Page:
College faces funding cuts of £600,000 a year

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South Dartmoor Community College in Ashburton is the strongest performing sixth form in the county.

It's a school of 1400 pupils but it's facing a funding crisis.

The budget is being reduced by hundreds of thousands of pounds and the head has told teachers they need to take a pay cut.

Executive Principal Hugh Bellamy said, "We're doing everything we can to avoid redundancies and to maintain our present contingent of staff."

"You're looking at a crazy situation where in every subject area we've got new syllabuses, we need new text books and yet we have no money to buy them so teachers are working harder and harder."

"The Government need to address the funding shortfall. We need to reprioritise in this country."

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David Ray, a teacher at the college, said "We have a very, very resilient staff and a very strong staff as well but we can't ignore the fact that morale is low."

"Morale is very very low and we are having to really, really pull together, more than we've ever done before to sustain and manage and hopefully create some plans that will allow us to be successful in the future but it's difficult and nobody, I think, would deny that."

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It's been described as a perfect storm - cuts under the Government's fairer funding formula, payments for the new apprenticeship levy, money has to be found to pay for a shortfall in the Local Government Pension Scheme - it all adds up to a significant bill.

Under the current proposals this school would be looking at a reduction in funding of £600,000 a year by 2019.

To put that into a bit of context, that's enough to pay for 15 teachers but if you had to remove 15 teachers from the staff, class sizes would be increased to something like 40 students in every class.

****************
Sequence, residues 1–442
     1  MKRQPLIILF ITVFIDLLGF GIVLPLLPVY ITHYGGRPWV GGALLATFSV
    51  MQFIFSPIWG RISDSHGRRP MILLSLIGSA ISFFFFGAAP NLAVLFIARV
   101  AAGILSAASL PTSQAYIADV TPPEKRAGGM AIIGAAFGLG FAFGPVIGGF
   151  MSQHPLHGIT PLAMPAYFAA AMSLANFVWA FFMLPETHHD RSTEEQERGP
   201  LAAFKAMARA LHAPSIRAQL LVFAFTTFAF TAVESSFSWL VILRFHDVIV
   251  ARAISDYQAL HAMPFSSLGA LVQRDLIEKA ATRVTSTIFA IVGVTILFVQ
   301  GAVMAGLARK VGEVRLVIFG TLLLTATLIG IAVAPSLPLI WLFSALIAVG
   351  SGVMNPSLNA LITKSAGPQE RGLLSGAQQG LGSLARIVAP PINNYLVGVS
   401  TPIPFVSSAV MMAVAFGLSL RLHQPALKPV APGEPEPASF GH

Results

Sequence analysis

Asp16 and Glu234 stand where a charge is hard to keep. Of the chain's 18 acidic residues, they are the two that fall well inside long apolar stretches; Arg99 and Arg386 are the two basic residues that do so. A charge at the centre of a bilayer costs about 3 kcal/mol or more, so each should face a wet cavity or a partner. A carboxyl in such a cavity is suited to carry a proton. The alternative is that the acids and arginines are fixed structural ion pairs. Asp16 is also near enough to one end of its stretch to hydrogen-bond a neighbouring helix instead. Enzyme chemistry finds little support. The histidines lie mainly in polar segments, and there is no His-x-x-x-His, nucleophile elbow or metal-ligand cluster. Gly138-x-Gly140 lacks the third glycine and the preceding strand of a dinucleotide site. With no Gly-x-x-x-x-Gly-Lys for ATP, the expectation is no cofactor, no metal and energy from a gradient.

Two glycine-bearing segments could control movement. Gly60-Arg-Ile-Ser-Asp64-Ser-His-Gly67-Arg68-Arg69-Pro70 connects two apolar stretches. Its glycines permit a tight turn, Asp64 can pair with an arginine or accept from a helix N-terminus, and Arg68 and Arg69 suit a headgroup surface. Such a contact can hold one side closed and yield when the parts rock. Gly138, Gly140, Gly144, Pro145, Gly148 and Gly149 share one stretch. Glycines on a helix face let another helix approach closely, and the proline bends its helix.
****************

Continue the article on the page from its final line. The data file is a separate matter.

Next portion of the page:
That would be impossible to deal with. The classrooms can't even accommodate that many children.

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"The older students, we already felt the effects of the cuts, for example when we did coursework in year 10/11 we had to bring in our own paper and use our own resources for the actual learning and just to hear that there's more cuts means it's going to be even worse."


"You're limited with what you get as it is and then if they're cutting even more then it's going to damage people's education at the end of the day really."


"It does feel very wrong that it's happening. It's already very tight on money and it's just becoming tighter."

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South Dartmoor is an academy with control of its own finances, but across Devon schools are expected to be hit. The County Council says smaller schools may benefit but larger primary schools and most secondaries will see their funding cut. Is this really a fairer funding formula?

Cllr James McInnes, Devon County Council, said "I don't think it's fairer no. I congratulate the Government for actually grasping the nettle and bringing out a new fair funding formula but this isn't the answer because a third of schools are losing money in Devon.

"In fact six in ten children will actually attend schools that lose money and that can't be fair when we're a very low-funded authority in the first place."

There is a consultation open for another four weeks. Schools like South Dartmoor are trying to encourage as many parents as possible to get involved with that to reinforce how important it is that their children's education is adequately funded.

In a statement the Department for Education said the government's fairer funding proposals are designed to end the historic unfairness in the system, and make sure areas with the greatest need get the most funding.

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